Wikipedia tells the history of the assassination of Abraham Lincoln in dry, textbook form. Through accounts reported at the time, we learn that on Good Friday (April 14) 1865, John Wilkes Booth put a bullet into the head of Abraham Lincoln, while the president watched a play at Ford’s Theater. The assassin then made his dramatic escape, and died at the hands of Union soldiers while hiding at a farm in Virginia. We know the story. This, along with other major historical events, is part of our education. We’ve been eased into it since childhood through basic information, animated depictions, and colorful sketches. And while Wikipedia gives us a few more details than we may have had previously, all of it seems distant and impersonal. We place ourselves as viewers of paintings and drawings of this terrible scene a few feet from the president’s back as the pistol at the end of John Wilkes Booth’s arm discharges.
The April 22, 1865, issue of the Black Republican newspaper offers us a different perspective. Through the eyes of the black population during this time, we are offered a closer witness to this crime from the public side of those who were there, those who lived through that time. Through reading the account of this tragedy in the columns of the Black Republican newspaper, we’re able to learn the impact on a different segment of society during those turbulent days. Through these words, we feel the freshness of the wound, the stinging clarity of awareness of something that was never supposed to happen. We are able to put ourselves in that place, feel the trust and innocence of that age, and relate to the same shock that so many in this (current) generation felt while watching the planes enter the World Trade Center towers on September 11, 2001. History makes its impression when viewed not as a link to an event in the past, but as a type of conversation between what was and what is now. Accounts such as this one offer that conversation a voice, one that forms a unique connection between that time and this.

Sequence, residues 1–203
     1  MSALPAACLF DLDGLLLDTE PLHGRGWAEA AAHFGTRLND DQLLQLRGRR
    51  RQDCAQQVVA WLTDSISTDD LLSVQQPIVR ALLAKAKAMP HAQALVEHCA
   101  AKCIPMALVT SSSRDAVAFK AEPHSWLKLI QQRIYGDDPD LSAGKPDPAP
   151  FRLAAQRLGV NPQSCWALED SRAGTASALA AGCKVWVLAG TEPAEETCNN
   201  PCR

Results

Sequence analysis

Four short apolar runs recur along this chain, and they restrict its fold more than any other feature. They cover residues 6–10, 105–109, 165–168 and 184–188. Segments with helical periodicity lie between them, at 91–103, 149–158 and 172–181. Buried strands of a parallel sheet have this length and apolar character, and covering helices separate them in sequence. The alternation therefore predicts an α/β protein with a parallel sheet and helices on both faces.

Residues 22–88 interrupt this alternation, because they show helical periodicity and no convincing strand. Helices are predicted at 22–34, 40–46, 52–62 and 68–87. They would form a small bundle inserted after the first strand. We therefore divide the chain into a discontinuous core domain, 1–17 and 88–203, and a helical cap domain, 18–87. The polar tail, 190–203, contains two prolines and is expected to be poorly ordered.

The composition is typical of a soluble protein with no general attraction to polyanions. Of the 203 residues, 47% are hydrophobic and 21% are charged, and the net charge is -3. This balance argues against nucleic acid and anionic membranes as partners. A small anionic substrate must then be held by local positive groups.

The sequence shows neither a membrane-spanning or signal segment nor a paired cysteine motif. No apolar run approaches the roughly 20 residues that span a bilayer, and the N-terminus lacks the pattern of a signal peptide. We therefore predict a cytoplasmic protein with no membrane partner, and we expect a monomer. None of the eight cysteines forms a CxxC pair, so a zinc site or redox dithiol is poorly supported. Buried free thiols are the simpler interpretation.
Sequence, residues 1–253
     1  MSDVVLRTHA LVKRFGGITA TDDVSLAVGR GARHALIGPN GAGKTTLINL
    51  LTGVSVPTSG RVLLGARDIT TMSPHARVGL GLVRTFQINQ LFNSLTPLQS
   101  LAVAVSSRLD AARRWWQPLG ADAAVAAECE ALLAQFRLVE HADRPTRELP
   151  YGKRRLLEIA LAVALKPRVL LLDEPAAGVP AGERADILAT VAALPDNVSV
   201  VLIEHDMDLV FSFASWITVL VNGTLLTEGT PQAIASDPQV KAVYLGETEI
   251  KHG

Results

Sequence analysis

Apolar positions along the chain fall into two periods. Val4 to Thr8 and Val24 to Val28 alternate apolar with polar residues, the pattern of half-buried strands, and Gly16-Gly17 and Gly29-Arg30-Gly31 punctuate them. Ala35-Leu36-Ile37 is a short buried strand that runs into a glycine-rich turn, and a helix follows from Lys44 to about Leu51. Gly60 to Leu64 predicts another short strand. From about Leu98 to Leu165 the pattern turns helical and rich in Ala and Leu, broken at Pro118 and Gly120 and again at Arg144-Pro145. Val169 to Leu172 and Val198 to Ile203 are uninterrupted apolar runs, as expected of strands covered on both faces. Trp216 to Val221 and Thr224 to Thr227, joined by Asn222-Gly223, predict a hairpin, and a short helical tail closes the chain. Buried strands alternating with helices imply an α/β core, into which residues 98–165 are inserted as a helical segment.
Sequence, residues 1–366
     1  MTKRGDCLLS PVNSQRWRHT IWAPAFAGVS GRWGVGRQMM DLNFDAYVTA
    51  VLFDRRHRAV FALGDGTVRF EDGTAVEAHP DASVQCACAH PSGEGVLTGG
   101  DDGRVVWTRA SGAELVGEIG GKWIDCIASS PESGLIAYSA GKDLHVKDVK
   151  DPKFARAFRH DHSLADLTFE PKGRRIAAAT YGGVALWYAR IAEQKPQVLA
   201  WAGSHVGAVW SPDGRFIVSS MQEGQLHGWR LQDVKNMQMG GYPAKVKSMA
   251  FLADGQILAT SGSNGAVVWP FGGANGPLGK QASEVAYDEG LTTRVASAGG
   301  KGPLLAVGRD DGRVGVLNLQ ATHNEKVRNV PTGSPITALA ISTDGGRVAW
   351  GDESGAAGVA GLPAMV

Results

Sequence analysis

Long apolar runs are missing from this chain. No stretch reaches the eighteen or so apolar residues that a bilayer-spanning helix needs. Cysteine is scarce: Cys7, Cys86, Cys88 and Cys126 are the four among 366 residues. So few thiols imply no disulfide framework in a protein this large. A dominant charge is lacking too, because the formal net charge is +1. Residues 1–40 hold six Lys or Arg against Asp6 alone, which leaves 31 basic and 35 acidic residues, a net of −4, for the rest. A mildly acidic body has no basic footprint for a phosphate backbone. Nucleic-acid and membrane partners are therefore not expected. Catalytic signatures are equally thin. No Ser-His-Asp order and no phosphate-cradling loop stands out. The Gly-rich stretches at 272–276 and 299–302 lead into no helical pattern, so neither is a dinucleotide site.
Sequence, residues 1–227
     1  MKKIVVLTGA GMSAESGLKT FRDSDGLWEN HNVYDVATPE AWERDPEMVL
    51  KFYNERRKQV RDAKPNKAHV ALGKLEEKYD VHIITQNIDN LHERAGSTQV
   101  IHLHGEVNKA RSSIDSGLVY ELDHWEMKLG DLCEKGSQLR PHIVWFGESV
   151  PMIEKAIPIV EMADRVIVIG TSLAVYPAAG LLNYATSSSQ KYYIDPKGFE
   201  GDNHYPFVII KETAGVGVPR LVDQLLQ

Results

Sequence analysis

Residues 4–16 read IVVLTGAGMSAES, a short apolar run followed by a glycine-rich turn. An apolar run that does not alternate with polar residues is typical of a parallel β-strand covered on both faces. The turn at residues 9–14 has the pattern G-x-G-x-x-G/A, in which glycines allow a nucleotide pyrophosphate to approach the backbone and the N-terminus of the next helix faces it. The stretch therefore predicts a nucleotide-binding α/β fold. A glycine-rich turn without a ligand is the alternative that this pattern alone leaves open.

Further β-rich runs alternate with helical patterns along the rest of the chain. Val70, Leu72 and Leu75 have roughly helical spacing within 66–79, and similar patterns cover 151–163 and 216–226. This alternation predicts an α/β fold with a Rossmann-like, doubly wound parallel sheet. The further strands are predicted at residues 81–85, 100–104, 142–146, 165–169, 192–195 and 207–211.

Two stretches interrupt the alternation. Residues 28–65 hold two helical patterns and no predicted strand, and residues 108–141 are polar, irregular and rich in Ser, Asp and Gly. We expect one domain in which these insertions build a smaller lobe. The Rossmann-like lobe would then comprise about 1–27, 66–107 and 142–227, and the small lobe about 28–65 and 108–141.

In this eloquent account, the writer blames the mindset that resorts to this type of violence to solve problems on “… slavery, that for two hundred years has educated whole generations in cruelty and the spirit of murder … “ When we think about the assassination of Abraham Lincoln again, we have the opportunity to understand it in a new way.
Want to read more? Visit the Black Abolitionist Archive on our Digital Special Collections section.